British scientists have estimated the total methane output of one class of dinosaurs at a point around 150 million years ago. Amazingly it’s more than the total methane produced in the world today and could theoretically have prolonged a period of historically high temperatures.
The work was carried out by a team led by David Wilkinson of Liverpool John Moore’s University and published in Current Biology. It looked at sauropods, the group of giant land-based vegetarian dinosaurs that includes the
Wilkinson’s calculations are extremely rough and ready, partly because of their simplicity and partly because there’s inherently no way to validate them. He worked by looking at the methane produced by cows in comparison to their mass, then extrapolated that ratio to the sauropods.
In both cases, the combination of vegetation food and stomach microbes produces methane gas in the form of flatulence. That methane can absorb the sun’s radiation, and trap it in the atmosphere, raising temperatures.
Taking in to account the sauropod population at the time, Wilkinson came up with a figure of 520 million tons a year, which compared to an estimated 500 million tons a year from all sources today, including man-made sources.
The higher methane output of the dinosaurs compared with cows isn’t necessarily just a matter of size. They could reach vegetation on tree-tops and had a wider range of land on which to live and graze (permanent ice caps didn’t exist.)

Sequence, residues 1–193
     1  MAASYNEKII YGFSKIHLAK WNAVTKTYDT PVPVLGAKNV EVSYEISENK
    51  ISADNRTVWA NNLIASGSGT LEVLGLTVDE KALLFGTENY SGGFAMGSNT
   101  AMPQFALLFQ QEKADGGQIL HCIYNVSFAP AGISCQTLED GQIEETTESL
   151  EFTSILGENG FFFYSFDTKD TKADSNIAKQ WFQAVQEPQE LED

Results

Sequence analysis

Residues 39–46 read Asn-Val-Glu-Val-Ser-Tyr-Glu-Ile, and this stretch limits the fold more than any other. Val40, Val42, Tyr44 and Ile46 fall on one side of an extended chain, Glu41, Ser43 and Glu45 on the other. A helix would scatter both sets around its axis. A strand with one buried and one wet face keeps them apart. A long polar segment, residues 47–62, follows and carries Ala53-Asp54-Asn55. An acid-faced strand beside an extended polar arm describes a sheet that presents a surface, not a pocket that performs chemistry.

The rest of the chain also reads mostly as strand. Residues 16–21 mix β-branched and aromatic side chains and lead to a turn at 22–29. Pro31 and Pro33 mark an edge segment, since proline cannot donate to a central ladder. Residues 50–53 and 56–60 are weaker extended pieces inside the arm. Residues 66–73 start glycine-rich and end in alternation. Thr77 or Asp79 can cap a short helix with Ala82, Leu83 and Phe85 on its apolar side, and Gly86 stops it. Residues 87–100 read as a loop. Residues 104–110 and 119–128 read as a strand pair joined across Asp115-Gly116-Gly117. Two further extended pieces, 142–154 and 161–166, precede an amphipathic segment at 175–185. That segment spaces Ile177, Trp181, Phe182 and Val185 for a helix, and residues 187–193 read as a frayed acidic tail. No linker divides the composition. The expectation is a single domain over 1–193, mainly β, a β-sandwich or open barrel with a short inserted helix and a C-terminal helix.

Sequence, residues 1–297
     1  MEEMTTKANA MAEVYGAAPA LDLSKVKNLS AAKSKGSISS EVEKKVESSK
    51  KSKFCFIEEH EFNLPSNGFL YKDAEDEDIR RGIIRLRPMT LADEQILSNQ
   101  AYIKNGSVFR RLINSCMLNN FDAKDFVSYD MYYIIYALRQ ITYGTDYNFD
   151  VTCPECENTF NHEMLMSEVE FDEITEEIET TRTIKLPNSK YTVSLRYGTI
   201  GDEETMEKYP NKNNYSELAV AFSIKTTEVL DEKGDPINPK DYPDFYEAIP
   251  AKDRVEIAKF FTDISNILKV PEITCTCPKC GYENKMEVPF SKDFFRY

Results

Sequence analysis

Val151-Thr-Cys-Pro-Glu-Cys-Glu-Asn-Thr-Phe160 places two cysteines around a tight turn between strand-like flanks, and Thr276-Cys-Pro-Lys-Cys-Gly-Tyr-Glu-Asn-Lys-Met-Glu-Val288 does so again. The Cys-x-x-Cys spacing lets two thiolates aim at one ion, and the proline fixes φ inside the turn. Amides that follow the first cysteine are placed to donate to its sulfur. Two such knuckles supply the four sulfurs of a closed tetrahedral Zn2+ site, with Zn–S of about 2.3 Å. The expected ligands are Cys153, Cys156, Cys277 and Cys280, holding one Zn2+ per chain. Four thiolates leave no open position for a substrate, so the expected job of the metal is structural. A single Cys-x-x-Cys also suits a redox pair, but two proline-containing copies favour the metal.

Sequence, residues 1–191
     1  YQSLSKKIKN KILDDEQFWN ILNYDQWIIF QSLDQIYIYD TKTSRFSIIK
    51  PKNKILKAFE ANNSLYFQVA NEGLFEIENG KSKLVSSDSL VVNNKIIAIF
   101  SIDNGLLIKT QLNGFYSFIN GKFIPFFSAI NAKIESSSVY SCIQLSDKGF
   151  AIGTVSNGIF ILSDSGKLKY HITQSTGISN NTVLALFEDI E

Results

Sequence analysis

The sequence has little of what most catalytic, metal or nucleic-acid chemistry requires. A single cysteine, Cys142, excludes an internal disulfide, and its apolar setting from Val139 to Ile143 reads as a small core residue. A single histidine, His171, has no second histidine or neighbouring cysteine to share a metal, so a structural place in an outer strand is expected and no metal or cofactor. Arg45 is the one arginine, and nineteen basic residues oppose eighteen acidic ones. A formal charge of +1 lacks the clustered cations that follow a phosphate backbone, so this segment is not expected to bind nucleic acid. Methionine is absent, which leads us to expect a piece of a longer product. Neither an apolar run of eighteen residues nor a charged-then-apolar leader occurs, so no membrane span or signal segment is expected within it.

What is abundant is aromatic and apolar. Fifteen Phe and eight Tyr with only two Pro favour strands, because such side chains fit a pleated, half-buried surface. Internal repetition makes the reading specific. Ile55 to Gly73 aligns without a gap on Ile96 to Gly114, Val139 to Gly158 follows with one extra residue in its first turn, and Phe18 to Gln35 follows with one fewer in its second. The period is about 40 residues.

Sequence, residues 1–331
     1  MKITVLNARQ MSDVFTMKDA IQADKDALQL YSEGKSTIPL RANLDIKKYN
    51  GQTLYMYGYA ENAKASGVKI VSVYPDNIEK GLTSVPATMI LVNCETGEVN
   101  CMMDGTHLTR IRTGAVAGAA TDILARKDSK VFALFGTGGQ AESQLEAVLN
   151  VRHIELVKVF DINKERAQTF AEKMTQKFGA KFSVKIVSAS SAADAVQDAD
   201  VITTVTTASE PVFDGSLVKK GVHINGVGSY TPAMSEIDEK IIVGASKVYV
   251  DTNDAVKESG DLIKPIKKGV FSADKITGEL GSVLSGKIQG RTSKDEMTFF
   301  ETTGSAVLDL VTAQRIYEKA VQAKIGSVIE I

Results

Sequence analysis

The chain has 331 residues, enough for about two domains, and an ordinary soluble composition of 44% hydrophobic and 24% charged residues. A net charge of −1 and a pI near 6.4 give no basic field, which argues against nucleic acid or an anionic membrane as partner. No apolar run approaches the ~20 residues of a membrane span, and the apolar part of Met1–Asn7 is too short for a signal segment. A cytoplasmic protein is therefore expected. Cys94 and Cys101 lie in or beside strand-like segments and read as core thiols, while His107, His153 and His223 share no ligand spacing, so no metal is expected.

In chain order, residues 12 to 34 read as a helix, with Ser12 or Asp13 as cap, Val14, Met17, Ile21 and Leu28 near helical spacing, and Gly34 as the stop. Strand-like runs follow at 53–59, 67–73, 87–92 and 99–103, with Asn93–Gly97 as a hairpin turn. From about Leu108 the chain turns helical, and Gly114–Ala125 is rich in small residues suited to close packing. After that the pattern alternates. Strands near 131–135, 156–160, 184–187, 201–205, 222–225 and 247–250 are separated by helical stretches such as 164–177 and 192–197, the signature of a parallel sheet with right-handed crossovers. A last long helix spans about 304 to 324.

Even without humans and industry, methane levels at the time may have gone beyond that produced by the sauropods and other creatures. Forest fires and leaking gasfields — neither of which would have been limited by human intervention — could also have played a part. Because of this, Wilkinson estimates that the total methane levels may have been 6 to 8 parts per million, or 3 to 4 times today’s levels.
While historical figures suggest that this didn’t lead to a rise in temperatures (instead that came 50 million years earlier, likely by a methane release from the seafloor), it’s certainly conceivable that dinosaur flatulence helped maintain the high temperatures. However, Wilkinson pointed out that his work simply demonstrates a theory and it’s not one that is ever likely to be proven.